Sept. 7 (Bloomberg) -- Tanzania will need to import at least 160,000 metric tons of sugar this year to meet a deficit of the sweetener, Togo-based lender Ecobank Transnational Inc. said.
The government will import 120,000 tons of sugar duty-free to ease shortages, The Citizen newspaper reported, citing the Ministry of Agriculture, Food and Cooperatives. The country also banned the re-export of sugar, according to the newspaper.
“They will need to import at least 160,000 tons in 2011 if they are to meet the demand, but they may not be able to do so because other countries in East Africa are also having a shortage,” Edward George, a soft commodities specialist at the bank, said today by phone from London.
Sugar production in the East African Community, which includes Tanzania, will lag behind demand in the 2010-11 season, George said, adding that Kenya and Uganda were also facing supply shortages due to a drought that hurt crops.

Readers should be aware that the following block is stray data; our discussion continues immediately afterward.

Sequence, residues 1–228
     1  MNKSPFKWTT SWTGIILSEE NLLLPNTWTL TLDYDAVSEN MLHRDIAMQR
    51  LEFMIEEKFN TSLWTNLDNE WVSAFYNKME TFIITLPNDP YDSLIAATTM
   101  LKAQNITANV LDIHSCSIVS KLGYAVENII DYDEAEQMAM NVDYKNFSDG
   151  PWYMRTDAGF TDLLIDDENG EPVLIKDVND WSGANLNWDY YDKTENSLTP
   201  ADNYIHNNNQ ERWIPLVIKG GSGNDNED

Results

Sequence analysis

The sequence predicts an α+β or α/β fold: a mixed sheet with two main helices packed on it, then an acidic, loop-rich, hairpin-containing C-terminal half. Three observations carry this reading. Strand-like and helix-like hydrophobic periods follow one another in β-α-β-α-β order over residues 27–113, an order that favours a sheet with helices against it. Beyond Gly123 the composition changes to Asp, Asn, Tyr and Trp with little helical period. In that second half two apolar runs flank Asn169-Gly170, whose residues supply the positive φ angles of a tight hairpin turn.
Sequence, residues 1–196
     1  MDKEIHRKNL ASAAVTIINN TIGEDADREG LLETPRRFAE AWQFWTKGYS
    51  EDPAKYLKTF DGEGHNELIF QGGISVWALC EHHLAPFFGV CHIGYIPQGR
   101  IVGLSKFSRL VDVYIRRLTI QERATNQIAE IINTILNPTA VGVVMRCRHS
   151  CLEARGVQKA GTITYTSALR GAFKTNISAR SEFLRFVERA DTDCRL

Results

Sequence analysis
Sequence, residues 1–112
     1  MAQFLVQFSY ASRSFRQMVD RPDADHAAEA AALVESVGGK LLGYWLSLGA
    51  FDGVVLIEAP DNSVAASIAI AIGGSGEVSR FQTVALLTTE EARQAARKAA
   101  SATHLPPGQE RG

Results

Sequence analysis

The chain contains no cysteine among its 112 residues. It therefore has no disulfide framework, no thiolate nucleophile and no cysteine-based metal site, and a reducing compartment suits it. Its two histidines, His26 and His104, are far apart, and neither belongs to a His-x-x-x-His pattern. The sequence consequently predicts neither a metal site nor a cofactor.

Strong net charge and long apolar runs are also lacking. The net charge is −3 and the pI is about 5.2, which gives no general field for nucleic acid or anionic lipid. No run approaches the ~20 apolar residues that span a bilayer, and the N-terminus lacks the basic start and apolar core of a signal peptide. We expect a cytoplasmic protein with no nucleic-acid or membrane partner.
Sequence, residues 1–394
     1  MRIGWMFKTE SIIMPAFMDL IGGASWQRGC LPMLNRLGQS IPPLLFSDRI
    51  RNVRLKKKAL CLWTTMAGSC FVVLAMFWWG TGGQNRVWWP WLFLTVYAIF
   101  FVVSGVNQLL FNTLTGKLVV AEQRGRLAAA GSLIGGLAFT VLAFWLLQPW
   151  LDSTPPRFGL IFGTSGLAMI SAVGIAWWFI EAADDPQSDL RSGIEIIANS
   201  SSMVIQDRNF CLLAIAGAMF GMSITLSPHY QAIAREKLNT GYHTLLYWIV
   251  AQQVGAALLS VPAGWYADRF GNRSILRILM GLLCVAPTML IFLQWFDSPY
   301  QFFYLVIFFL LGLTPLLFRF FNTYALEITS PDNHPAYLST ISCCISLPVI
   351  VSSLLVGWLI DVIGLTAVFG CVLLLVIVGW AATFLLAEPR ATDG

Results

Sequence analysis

Production in the region will be 1.25 million tons in the current season, while consumption is forecast at 1.7 million tons, according to Ecobank’s estimates.
“The quota that some countries in East Africa have to send to the EU has not been filled, partly reflecting that there isn’t enough sugar being produced and consumption in Africa is increasing,” George said.
Some nations in the region have preferential access to the European Union market, with agreements that allow them to ship some sweetener to the 27-nation bloc duty-free.
It’s “very likely” that other governments in the region will take similar measures to those adopted by Tanzania if they need to bring down local prices, though “this will only be short-term,” George said.
To contact the reporter on this story: Isis Almeida in London at Ialmeida3@bloomberg.net
To contact the editor responsible for this story: Claudia Carpenter at Ccarpenter2@bloomberg.net.